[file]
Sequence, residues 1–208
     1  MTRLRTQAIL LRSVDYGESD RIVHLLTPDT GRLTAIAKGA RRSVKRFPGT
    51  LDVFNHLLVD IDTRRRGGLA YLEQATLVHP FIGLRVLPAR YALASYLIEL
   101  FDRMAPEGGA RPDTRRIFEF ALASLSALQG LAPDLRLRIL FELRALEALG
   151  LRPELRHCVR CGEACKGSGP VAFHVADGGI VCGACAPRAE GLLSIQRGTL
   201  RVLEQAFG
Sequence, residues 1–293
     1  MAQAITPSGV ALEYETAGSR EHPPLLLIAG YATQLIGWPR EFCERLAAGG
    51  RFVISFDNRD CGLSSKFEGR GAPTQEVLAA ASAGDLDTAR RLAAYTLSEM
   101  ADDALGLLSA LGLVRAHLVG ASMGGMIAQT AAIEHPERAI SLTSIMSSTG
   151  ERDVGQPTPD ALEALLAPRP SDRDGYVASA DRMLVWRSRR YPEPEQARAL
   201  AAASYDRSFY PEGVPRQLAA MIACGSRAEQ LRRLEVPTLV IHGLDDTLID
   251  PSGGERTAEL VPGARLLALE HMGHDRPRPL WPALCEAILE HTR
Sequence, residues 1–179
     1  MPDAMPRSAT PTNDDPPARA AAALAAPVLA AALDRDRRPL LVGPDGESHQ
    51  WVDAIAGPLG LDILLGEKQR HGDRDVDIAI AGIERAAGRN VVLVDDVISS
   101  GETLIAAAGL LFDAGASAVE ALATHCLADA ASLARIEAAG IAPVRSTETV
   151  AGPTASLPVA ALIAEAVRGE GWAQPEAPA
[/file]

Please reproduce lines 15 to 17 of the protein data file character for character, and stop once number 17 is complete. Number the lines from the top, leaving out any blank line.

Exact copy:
     1  MPDAMPRSAT PTNDDPPARA AAALAAPVLA AALDRDRRPL LVGPDGESHQ
    51  WVDAIAGPLG LDILLGEKQR HGDRDVDIAI AGIERAAGRN VVLVDDVISS
   101  GETLIAAAGL LFDAGASAVE ALATHCLADA ASLARIEAAG IAPVRSTETV